Democrat President Joe Biden has wiped even more student debts for millions of college-educated voters ahead of the looming 2024 election.
On Friday, Biden announced that federal student loans would be canceled for borrowers who received less than $12,000.
If the borrower has been in repayment for the past decade, the debt will be wiped, courtesy of the American taxpayer.
In a statement, Biden said, starting in February, federal loan borrowers “who took out less than $12,000 in loans and have been in repayment for 10 years will get their remaining student debt canceled immediately.”
The plan was originally set to begin in July but is going into effect six months earlier.
It applies to borrowers enrolled in the new income-driven repayment plan known as the Saving on a Valuable Education (SAVE) plan.
“This action will particularly help community college borrowers, low-income borrowers, and those struggling to repay their loans,” Biden said in his statement.
“It’s part of our ongoing efforts to act as quickly as possible to give more borrowers breathing room so they can get out from under the burden of student loan debt, move on with their lives, and pursue their dreams.”
Biden announced the new repayment plan last year alongside a separate plan to cancel up to $20,000 in loans for millions of Americans.
The Supreme Court struck down his plan for widespread forgiveness.
Nevertheless, the repayment plan has so far escaped that level of legal scrutiny.
Republicans in Congress tried unsuccessfully to block the new repayment plan through legislation and a resolution last year.
Many borrowers began repaying federal student loans in October after a pause of more than three years.
The SAVE plan offers far more generous terms than several other income-driven repayment plans that it’s meant to replace.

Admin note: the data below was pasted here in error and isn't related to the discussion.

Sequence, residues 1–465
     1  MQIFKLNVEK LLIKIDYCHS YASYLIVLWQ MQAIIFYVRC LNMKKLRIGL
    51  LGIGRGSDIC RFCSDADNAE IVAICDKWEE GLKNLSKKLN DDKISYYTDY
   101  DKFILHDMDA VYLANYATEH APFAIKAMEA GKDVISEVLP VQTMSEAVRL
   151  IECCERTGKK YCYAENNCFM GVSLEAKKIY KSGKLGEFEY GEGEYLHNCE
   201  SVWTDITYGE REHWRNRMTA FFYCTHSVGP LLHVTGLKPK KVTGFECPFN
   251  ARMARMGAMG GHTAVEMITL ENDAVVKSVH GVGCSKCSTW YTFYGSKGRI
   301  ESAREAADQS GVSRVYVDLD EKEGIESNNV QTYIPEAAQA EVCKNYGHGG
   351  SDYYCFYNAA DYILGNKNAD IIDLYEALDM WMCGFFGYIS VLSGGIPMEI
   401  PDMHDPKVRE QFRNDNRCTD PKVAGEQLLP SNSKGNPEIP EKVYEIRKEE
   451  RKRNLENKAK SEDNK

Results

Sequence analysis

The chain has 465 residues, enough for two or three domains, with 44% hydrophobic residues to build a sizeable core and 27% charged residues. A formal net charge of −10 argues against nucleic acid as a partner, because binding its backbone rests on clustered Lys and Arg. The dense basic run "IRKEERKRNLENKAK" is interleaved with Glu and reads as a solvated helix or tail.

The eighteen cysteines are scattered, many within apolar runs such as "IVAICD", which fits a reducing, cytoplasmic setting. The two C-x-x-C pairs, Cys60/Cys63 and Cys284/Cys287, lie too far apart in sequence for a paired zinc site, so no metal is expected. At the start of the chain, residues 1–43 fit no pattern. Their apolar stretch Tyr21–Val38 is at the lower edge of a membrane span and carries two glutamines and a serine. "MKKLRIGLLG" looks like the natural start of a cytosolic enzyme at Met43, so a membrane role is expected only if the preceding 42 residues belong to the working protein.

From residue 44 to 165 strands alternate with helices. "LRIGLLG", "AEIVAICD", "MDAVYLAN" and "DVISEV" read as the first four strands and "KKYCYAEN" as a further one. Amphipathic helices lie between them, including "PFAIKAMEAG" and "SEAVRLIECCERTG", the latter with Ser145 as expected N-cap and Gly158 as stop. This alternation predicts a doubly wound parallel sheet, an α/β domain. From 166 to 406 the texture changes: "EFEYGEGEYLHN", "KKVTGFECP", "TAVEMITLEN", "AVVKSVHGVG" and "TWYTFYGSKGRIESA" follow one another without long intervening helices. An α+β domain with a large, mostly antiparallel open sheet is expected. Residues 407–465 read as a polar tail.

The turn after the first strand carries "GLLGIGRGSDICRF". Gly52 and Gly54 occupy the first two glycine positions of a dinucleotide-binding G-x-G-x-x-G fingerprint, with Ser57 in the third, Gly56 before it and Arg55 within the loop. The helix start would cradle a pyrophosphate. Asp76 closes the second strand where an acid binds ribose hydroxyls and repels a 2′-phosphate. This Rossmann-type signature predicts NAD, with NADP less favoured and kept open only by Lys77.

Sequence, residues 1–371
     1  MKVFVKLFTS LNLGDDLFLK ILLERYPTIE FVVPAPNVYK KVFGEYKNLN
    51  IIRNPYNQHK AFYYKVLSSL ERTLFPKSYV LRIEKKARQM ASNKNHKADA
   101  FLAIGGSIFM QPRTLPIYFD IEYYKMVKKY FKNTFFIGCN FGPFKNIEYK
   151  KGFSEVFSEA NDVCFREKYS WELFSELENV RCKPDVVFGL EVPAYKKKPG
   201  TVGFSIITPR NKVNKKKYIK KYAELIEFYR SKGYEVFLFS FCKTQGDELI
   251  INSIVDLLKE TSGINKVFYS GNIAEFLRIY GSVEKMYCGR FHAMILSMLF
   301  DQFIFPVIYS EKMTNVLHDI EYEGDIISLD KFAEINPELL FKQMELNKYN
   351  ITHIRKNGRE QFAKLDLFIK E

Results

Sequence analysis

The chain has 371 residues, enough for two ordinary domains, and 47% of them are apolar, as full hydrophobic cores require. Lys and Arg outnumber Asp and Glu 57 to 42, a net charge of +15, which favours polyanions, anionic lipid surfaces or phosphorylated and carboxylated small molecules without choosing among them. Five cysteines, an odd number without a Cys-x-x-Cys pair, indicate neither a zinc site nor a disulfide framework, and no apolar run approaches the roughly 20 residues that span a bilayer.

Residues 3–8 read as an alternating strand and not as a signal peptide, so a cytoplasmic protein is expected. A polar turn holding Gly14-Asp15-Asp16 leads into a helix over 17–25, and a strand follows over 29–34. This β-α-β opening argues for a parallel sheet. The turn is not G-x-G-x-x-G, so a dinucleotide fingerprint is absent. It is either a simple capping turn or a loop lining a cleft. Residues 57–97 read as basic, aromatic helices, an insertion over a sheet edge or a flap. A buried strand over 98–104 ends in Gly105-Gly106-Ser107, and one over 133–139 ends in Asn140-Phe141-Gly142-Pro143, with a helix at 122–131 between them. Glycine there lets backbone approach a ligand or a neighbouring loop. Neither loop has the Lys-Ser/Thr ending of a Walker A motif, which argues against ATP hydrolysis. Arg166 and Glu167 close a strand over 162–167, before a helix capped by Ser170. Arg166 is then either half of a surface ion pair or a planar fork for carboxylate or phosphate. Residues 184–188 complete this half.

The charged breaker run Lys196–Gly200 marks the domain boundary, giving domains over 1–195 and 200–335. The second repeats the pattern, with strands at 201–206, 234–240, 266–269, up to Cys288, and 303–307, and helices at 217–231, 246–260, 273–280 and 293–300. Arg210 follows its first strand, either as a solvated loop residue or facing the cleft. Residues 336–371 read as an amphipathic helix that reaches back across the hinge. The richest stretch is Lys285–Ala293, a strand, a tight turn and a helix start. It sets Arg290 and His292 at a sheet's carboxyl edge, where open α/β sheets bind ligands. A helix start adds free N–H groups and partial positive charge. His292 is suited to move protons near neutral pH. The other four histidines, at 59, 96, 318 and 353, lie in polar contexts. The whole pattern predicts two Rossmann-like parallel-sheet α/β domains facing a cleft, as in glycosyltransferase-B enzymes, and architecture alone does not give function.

Previous plans offered cancellation after 20 or 25 years of payments.
However, the new plan offers it in as little as ten years.
The new plan also lowers monthly payments for millions of borrowers.
According to the White House, there are 30 million people eligible for the SAVE plan, with 6.9 million currently enrolled.
Those who took out more than $12,000 will be eligible for cancellation but on a longer timeline.
For each $1,000 borrowed beyond $12,000, it adds an additional year of payments on top of ten years.
The maximum repayment period is capped at 20 years for those with only undergraduate loans and 25 years for those with any graduate school loans.
The Biden administration says next month’s relief will particularly help American voters who attended community colleges, which generally cost less than four-year universities.
Education Secretary Miguel Cardona said the plan aims to place community college students “on a faster track to debt forgiveness than ever before.”
Republicans have railed against the new repayment plan, however.
They argue that the plan helps wealthier voters with college degrees at the expense of taxpayers who didn’t attend college.
Some say it’s a backdoor attempt to make community college “free.”
The socialist-style college scheme is an idea that Biden campaigned on but that failed to win support in Congress.
Starting next month, the Education Department says it will automatically wipe away balances for eligible borrowers enrolled in the SAVE plan.
The department will email borrowers who might be eligible but have not enrolled.
Some of the plan’s provisions took hold last summer – it prevents interest from snowballing as long as borrowers make monthly payments, and it makes more Americans eligible to get their monthly bill lowered to $0.
Other parts are scheduled to take effect in July, including a change to limit borrowers’ payments to 5% of their discretionary income.
The figure is down from 10% in previous income-driven repayment plans.
The Biden admin is separately pursuing another plan for widespread cancellation.
After the Supreme Court rejected Biden’s first plan, he asked the Education Department to try again under a different legal authority.
The department has been working on a new proposal that would provide relief to targeted groups of borrowers.